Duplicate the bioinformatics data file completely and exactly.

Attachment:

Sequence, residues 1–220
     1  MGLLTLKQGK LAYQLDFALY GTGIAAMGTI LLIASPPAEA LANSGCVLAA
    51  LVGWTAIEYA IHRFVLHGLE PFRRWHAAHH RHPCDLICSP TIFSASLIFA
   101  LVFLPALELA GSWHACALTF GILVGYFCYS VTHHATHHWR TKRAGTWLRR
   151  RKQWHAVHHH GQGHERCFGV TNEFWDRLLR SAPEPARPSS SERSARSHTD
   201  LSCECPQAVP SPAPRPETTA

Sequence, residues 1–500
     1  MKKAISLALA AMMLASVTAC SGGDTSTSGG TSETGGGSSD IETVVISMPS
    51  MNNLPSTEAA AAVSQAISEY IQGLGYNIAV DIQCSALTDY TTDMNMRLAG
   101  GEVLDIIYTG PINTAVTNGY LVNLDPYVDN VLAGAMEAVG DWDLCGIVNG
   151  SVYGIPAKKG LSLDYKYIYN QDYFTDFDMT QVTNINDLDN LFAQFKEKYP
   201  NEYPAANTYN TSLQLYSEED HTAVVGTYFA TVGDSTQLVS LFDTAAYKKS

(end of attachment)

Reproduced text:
Sequence, residues 1–220
     1  MGLLTLKQGK LAYQLDFALY GTGIAAMGTI LLIASPPAEA LANSGCVLAA
    51  LVGWTAIEYA IHRFVLHGLE PFRRWHAAHH RHPCDLICSP TIFSASLIFA
   101  LVFLPALELA GSWHACALTF GILVGYFCYS VTHHATHHWR TKRAGTWLRR
   151  RKQWHAVHHH GQGHERCFGV TNEFWDRLLR SAPEPARPSS SERSARSHTD
   201  LSCECPQAVP SPAPRPETTA

Sequence, residues 1–500
     1  MKKAISLALA AMMLASVTAC SGGDTSTSGG TSETGGGSSD IETVVISMPS
    51  MNNLPSTEAA AAVSQAISEY IQGLGYNIAV DIQCSALTDY TTDMNMRLAG
   101  GEVLDIIYTG PINTAVTNGY LVNLDPYVDN VLAGAMEAVG DWDLCGIVNG
   151  SVYGIPAKKG LSLDYKYIYN QDYFTDFDMT QVTNINDLDN LFAQFKEKYP
   201  NEYPAANTYN TSLQLYSEED HTAVVGTYFA TVGDSTQLVS LFDTAAYKKS